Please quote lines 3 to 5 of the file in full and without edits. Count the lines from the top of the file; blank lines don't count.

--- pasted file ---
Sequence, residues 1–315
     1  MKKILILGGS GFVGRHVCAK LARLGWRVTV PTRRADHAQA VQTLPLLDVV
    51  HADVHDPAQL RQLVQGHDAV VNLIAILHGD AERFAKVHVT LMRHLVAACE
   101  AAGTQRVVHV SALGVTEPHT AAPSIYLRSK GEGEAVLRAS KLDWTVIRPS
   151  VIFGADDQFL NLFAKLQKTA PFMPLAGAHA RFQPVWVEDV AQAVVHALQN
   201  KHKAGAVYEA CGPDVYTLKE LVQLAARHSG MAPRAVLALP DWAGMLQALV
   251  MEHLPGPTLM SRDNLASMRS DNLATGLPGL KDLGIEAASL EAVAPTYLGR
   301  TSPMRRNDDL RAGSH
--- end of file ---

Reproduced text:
    51  HADVHDPAQL RQLVQGHDAV VNLIAILHGD AERFAKVHVT LMRHLVAACE
   101  AAGTQRVVHV SALGVTEPHT AAPSIYLRSK GEGEAVLRAS KLDWTVIRPS
   151  VIFGADDQFL NLFAKLQKTA PFMPLAGAHA RFQPVWVEDV AQAVVHALQN